If you have a love for running and determination, an ultra is within your reach. Follow these eight steps to get on track to your first ultra.
Speed is not key in the world of ultrarunning. Walking breaks are the strategy of many ultrarunners, especially on the inclines. As a first-time ultrarunner, you are advised to start at the back of the pack and go slow.
Seasoned ultrarunner Ray Zahab has run across the Sahara Desert and completed a bucket load of other ultrarunning adventures. He feels that a person should choose a race he or she feels committed to, but also pick a race that has reasonable mileage.
Consider: the run’s length, trail types, and conditions; if it has well-stocked aid stations; if the cut-off time is realistic, whether you run better on a hilly or flat course; and how close to home the race is.
Ultras come in all shapes and sizes. There are mountainous courses with never-ending ascent and descent, courses as flat as flapjacks, and ones with mud, sand, roots, rocks, and river crossings.
Ultrarunners simulate the tiredness that their bodies will encounter during the ultra by running long for two days in a row. The idea is to train your body and mind to continue, even after they indicate they have nothing left.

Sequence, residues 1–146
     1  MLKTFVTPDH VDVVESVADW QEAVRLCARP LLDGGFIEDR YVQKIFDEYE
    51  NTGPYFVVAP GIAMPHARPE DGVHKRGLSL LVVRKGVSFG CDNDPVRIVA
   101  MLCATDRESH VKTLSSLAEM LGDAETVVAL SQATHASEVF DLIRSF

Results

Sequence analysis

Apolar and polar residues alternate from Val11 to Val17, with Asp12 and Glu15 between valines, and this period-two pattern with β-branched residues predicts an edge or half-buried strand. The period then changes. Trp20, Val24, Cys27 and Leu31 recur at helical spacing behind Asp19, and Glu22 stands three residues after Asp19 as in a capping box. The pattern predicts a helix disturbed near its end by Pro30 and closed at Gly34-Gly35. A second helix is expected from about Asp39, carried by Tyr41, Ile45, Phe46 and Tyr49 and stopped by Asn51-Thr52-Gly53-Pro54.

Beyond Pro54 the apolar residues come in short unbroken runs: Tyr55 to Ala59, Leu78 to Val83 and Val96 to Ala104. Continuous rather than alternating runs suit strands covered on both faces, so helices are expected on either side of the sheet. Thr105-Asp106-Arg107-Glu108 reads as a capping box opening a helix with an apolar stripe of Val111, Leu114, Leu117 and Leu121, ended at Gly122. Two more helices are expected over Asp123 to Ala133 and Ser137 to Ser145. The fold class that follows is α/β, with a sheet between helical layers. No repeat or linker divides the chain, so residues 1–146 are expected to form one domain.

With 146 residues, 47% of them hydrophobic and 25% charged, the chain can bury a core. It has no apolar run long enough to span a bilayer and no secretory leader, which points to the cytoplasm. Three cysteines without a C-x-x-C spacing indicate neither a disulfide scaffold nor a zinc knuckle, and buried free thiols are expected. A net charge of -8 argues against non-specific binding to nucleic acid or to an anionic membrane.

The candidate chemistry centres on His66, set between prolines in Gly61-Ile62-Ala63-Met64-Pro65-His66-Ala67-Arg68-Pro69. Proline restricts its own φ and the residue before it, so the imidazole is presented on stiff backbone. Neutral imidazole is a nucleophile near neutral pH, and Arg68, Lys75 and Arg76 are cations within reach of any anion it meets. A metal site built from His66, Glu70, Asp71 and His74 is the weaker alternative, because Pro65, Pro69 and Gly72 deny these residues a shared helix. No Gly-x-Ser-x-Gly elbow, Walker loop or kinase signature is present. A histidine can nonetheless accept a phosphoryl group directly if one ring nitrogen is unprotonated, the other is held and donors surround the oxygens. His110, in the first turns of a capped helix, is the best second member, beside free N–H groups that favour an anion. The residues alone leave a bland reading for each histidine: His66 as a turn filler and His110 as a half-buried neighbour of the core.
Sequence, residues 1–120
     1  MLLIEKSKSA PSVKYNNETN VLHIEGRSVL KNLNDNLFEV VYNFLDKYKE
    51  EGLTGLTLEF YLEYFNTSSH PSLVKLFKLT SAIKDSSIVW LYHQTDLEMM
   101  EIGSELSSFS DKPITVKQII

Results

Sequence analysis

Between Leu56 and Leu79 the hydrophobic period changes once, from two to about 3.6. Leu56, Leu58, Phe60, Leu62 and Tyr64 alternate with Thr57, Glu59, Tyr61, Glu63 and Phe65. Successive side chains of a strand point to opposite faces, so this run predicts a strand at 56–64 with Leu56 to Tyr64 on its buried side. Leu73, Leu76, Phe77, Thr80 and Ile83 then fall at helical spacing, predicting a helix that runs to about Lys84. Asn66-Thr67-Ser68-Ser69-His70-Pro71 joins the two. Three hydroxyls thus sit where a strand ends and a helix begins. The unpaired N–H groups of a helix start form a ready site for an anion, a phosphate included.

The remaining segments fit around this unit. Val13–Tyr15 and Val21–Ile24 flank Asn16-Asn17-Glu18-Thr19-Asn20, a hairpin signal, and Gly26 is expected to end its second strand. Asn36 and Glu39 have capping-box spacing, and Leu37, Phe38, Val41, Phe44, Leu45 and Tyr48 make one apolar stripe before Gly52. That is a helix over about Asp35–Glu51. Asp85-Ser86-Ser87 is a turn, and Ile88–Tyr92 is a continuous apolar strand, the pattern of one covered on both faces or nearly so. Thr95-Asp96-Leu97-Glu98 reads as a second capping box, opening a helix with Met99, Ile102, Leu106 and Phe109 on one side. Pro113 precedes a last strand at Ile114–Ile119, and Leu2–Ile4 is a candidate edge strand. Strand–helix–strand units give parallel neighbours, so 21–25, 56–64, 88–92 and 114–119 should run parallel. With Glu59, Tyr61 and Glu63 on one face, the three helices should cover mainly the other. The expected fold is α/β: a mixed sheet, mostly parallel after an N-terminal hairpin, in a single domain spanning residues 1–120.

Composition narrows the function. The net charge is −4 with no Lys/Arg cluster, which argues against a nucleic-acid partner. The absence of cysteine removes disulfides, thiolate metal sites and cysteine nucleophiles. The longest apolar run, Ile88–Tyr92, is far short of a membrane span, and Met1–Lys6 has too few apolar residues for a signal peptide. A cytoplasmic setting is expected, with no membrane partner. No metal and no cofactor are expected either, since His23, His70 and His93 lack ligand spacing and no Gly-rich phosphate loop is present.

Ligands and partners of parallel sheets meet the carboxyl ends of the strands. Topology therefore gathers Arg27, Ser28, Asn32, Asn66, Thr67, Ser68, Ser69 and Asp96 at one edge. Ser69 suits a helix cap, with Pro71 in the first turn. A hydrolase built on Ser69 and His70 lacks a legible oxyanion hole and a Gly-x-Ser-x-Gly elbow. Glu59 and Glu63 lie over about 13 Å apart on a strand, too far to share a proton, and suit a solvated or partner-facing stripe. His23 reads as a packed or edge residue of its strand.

Calories are vital in finishing an ultra. This is why most ultramarathons have well-stocked aid stations along the race course. From M&Ms to salted potatoes and olives, aid stations are oases. As a rule of thumb, try to take in 300 calories an hour.
If you have run a marathon, you can run an ultramarathon. You need to stay in that marathon state-of-mind: “One foot in front of the other, week after week, and I will reach my destination.”
Positive peer pressure and its infectious vibe will keep you on track with your training. Seek out like-minded runners and talk shop with them. The love of the ultra is contagious.
The number-one rule of recovering right is to take it easy. Reward yourself with occasional days off from running or very easy days. Running too fast too soon can result in injury.
So, is the Slam within your reach? Past finishers agree that a person needs physical and mental training, time, money, and good logistics to find success.
Seven-time finisher, Dan Brenden, believes that to finish, a person needs to set priorities. He says the first goal is to finish. Second, finish without injuries, blisters, and overly sore muscles. Last, don’t get sick by exhausting yourself mentally. This may mean slowing down so you do not jeopardize the next run.
Gorman wishes more top runners would target the Slam as a must-do event. He suggests, “Use up all of your vacation time around and in between the race events and enjoy your free time visiting various parts of the country. Train light in the winter, hard in the spring, and recover even more intensely between the events.”
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